Creating a safer password
Here are some general rules for creating a safer password:
- Change your password frequently. People hate to hear this tip, but the fact is, most passwords will not be “cracked” or “guessed”, they will be stolen from an infected machine or a compromised website. Changing your password often gives a shorter period of time for an attacker to use your compromised password.
- Make passwords unique. When you change your password, consider it retired; attackers typically keep collections of old passwords that they routinely test in the hopes that someone reused them.
- Make passwords unique. Add something to your password that customizes it and makes it different for each website or service account you use so a compromised password only works on the compromised site.
- Create strong passwords. The longer a password is, the longer it takes an attacker to guess it; with current technology, an attacker can guess EVERY combination of an eight character password in 6 hours. You should use passwords that use different character types including upper/lower-case, numbers and symbols.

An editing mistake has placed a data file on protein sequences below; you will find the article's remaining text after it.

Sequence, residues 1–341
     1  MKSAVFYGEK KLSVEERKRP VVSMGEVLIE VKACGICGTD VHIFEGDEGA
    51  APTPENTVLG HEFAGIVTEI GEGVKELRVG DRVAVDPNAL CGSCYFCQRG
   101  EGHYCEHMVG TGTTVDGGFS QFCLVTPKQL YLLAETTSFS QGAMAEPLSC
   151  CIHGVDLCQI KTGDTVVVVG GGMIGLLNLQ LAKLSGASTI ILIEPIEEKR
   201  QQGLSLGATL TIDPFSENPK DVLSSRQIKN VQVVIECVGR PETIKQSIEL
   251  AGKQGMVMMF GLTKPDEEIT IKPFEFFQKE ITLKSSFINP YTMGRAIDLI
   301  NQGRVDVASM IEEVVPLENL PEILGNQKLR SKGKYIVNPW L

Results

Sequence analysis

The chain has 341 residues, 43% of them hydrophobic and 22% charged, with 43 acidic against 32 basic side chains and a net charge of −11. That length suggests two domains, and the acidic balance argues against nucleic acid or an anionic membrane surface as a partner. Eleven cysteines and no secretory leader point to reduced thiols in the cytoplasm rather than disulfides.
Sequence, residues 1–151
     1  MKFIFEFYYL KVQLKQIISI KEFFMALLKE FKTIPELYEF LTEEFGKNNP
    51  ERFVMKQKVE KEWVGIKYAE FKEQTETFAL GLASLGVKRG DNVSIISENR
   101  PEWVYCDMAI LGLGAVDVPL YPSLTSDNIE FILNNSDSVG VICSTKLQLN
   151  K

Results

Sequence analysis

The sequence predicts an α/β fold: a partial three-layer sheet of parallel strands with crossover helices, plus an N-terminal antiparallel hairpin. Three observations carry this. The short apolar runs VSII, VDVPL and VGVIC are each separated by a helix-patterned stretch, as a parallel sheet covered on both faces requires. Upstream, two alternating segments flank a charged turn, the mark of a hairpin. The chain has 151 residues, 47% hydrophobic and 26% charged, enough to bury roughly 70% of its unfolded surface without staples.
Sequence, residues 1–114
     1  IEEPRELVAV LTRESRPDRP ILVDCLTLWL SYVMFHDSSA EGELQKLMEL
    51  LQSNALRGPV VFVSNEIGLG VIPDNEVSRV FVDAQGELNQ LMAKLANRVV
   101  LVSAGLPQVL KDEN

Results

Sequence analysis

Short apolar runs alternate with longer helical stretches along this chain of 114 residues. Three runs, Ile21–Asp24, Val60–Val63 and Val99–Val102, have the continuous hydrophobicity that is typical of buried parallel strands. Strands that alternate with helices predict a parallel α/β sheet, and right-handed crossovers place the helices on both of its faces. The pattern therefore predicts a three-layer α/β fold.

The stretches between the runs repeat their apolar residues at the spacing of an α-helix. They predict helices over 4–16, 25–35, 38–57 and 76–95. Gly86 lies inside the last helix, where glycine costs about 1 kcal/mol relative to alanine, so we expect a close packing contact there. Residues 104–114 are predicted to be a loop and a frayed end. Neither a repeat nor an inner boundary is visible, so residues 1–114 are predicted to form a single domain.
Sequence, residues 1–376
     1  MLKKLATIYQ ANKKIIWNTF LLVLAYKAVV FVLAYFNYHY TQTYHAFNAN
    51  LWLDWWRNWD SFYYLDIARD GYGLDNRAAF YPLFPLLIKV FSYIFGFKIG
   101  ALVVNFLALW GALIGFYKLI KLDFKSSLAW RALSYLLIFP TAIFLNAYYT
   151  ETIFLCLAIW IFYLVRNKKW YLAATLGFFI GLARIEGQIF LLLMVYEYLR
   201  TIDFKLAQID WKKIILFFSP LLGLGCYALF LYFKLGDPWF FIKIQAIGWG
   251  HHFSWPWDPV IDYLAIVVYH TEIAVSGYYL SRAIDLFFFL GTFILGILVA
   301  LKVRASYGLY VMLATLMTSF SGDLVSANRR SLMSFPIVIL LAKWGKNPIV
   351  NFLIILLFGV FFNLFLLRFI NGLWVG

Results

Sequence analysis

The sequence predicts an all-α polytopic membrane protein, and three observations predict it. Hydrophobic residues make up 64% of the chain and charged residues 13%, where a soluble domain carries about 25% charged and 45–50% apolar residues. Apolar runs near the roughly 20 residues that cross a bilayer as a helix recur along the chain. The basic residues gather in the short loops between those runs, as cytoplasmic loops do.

- Avoid obvious dictionary words. Anything related to your normal life (job, hobbies, pet names, etc.) should be excluded from your passwords. An attacker might build a dictionary that is custom tailored to contain words related to information they gathered about you.
One way to use these rules is by using passphrases versus a password. Here is one way to create one:
- Start with a long phrase that you'll remember. This can be anything — such as a favorite song, poem or title. For example, we'll use a line from the UAB Alma Mater:
- Make some memorable changes to the passphrase. In our example below, we removed the spaces, added a symbol, and replaced the word "to" with the number "2."
- Make the password unique and memorable. Returning to our example, we'll add the first three letters of the web site where the passphrase will be used and something different like the number of letters in the name.
facebook.com = Fac8praise2theeourUAB!
- eNotify Identity: Used for sending BlazerID password reset code, and for employees to receive alerts when direct deposit, tax withholding or personal information is updated via Oracle Self Service.
- UAB IT web site: General IT announcements, information and help
- Acceptable Use of Computer and Network Resources Policy
- Oracle Self Service: Update your direct deposit, tax withholding or personal information.
Reporting suspicious messages used to be a multi-step process for UAB users, but now you can report a suspicious message with a single-click. For those users on a Windows or Mac system who use Microsoft Outlook, UAB Information Security has partnered with PhishMe Inc. and made PhishMe Reporter available to all UAB users. PhishMe Reporter is an add-on software “plug-in” to Microsoft Outlook that allows for one-click reporting of suspicious emails.